Impulse buys of pets down with new law

Impulse buys of pets down with new law

A new law forcing pet shop owners to screen potential buyers appears to be cutting impulse animal purchases.

The Pet Enterprises and Trade Association's vice-chairman Matthew Lim said that its 20 store members have seen a 10 per cent fall in sales since the rules were introduced in December 2013.

They prevent anyone under the age of 16 from buying animals unless accompanied by their parents or legal guardian.

Pet shops were also given until June 30 last year to introduce a checklist to educate the buyer and evaluate their suitability to own an animal.

The checklist includes requirements for stores to find out about a customer's pet ownership history, if they know how to look after an animal and if they know a vet.

Both the buyer and the retailer must sign the form.

"With this extra step, sales have slowed down. It makes people think twice," said Mr Lim, whose association has trained its members on how to conduct the pre-screening.

"In the past, some parents would buy a pet on impulse for a child who pesters them. But with the checklist, the parents think twice about what they are doing."

At Animal Kingdom in Punggol, customers are turned away if they are deemed unfit. Its sales have fallen by about 15 per cent since it started pre-screening and the store has turned away 10 customers in the past six months.

Its retail manager Carolyne Tan, 36, said: "I remember a couple with three young children who came in looking for a rabbit. When we asked them why, they told us it was because rabbits were cheap, easy to look after and that their kids could play with them."

She asked them other questions and eventually found them unsuitable as the children were too young and the parents did not like rabbits.

Sixty-store chain Pet Lovers Centre displays signs advising customers not to buy pets on impulse.

It also has pet care consultants who teach customers how to care for their animals.

The trickle-down effect on pet abandonment remains to be seen.

Society for the Prevention of Cruelty to Animals executive director Corrine Fong said it has not seen any decrease but added that falling sales at stores are a good sign.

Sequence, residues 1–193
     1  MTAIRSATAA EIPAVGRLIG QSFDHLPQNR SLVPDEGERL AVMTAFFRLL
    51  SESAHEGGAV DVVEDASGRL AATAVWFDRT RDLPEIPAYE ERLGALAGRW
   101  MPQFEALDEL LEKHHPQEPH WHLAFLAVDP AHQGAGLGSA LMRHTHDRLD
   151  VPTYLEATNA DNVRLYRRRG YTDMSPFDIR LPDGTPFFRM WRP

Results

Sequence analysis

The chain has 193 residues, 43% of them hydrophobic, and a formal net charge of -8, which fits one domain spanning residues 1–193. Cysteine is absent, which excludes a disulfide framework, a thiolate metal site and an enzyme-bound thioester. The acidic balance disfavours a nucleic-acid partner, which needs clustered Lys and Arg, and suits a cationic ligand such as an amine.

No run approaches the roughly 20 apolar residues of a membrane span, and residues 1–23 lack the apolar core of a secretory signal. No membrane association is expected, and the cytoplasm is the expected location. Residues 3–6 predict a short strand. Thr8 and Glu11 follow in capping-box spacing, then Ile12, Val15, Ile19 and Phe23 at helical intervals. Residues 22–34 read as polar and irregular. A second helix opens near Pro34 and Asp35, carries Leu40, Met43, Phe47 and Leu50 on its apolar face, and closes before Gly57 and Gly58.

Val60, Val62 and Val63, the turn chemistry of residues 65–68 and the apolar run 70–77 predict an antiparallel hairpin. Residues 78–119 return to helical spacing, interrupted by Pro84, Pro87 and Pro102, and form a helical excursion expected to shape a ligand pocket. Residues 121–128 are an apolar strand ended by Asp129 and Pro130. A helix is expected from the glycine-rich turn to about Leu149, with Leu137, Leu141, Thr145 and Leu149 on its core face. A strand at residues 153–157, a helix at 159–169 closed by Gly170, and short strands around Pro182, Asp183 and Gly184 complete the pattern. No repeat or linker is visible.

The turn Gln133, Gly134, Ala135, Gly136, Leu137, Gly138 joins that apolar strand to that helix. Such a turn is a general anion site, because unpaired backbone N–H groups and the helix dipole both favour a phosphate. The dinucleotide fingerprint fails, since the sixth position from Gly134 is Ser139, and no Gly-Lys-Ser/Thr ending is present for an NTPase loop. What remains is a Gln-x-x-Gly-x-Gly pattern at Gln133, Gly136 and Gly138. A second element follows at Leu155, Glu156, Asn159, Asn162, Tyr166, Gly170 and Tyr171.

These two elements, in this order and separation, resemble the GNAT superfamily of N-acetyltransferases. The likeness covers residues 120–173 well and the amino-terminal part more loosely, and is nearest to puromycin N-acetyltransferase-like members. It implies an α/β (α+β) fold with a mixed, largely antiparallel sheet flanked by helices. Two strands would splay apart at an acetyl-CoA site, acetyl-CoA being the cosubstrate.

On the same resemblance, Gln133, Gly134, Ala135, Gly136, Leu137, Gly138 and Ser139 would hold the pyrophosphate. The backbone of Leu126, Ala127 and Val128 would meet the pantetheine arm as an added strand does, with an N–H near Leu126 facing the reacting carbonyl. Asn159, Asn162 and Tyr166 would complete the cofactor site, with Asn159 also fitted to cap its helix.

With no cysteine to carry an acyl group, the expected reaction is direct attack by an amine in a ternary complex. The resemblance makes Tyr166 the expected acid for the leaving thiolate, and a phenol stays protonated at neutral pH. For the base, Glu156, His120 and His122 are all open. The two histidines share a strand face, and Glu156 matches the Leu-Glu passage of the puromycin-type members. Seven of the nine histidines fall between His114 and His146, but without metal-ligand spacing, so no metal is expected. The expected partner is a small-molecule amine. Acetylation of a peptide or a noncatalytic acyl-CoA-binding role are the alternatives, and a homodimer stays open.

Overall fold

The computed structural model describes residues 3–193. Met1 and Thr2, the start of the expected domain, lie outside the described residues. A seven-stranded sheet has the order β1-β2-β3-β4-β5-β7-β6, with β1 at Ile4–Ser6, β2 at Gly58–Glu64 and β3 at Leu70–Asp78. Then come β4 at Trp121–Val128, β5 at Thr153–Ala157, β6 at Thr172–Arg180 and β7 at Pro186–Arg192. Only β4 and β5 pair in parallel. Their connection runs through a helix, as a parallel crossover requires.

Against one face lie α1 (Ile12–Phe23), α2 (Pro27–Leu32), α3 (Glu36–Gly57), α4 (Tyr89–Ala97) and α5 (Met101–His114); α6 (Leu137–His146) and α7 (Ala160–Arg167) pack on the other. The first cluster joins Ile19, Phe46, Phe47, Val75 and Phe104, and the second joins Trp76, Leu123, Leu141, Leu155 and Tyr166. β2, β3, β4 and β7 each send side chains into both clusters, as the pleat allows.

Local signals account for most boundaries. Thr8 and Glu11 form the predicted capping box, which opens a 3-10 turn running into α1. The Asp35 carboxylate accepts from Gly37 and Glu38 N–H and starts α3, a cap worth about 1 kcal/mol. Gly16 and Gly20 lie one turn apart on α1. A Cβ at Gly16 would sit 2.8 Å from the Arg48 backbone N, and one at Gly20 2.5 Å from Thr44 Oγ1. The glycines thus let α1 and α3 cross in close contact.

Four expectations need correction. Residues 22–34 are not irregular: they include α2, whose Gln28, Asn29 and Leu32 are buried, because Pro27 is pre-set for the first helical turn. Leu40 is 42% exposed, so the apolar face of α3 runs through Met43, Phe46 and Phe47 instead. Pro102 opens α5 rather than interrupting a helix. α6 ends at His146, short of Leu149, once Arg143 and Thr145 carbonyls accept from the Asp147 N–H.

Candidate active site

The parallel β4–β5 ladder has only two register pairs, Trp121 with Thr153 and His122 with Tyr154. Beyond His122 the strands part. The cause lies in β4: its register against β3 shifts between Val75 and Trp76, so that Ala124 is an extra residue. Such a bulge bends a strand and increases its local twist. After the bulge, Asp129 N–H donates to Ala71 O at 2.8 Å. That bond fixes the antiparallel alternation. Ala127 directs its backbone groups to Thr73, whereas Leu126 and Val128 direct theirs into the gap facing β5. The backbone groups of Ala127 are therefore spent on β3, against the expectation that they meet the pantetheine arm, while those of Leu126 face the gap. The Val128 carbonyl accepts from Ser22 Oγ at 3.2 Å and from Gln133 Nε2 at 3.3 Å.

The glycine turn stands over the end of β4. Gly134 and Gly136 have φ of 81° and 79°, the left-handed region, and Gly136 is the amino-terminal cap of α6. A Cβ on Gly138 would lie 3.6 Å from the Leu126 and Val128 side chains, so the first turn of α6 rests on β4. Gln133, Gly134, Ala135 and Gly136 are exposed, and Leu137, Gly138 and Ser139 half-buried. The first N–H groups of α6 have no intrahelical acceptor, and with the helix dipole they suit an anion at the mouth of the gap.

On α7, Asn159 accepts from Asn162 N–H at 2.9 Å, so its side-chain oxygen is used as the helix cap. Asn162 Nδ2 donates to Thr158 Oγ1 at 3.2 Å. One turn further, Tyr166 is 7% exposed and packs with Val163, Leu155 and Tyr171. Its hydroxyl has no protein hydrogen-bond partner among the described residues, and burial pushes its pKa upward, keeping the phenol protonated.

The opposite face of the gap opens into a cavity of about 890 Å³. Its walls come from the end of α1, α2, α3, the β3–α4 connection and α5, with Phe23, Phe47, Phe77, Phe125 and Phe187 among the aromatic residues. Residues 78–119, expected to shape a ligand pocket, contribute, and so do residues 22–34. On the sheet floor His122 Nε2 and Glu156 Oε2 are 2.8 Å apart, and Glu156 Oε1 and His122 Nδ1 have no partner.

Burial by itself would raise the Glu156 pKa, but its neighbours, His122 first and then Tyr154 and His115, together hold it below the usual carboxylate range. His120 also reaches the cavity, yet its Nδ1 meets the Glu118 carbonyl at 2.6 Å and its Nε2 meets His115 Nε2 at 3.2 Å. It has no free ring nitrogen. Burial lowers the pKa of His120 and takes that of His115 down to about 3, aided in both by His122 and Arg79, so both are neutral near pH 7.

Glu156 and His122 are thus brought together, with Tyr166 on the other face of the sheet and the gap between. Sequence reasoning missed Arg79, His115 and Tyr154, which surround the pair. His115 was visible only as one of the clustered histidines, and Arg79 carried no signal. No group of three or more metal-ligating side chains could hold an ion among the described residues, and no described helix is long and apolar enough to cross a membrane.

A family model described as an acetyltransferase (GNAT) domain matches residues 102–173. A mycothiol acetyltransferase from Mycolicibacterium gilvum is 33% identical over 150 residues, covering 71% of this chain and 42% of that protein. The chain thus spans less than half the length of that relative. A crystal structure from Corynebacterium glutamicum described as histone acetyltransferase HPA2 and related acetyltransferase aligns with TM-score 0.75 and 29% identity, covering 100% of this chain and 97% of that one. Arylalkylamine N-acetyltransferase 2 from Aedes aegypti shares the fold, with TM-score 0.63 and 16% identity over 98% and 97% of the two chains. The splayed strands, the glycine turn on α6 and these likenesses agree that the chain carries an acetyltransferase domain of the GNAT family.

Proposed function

The House Rabbit Society Singapore said it usually receives at least 10 abandoned rabbits a month and its vice-president Jacelyn Heng is not convinced the checklist will minimise pet abandonment.

"Some pet stores don't even know how to look after the pets," she said. "It's like the blind leading the blind."

Pet stores that flout the new rules face a composition fine of $500 while recalcitrant offenders may have their licences suspended or revoked.

The Agri-Food and Veterinary Authority (AVA) said routine and surprise pet shop inspections are conducted.

It also makes random checks on the authenticity of the forms by calling the signatory for verification.

The AVA has so far taken enforcement action against four retailers for uncompleted forms.

It said the public can play an important role in encouraging pet shops and dog farms to raise their standards by patronising only the responsible ones.

Ms Syafa Yusoff, 27, who bought a dwarf rabbit from Animal Kingdom for $480 in April, said the checklist made her consider the responsibility she was taking on.

The store assistant also taught her how to care for the pet and made sure she signed the checklist.

"She told me so many things that I didn't know, like how rabbits are prone to pneumonia," said the housewife, who was buying a rabbit for the first time.

"She also told me that rabbits need to always chew on something to grind their teeth down. If not, their teeth will grow long and they can't eat, and they will starve to death. I didn't know all these things."


This article was first published on June 8, 2015.
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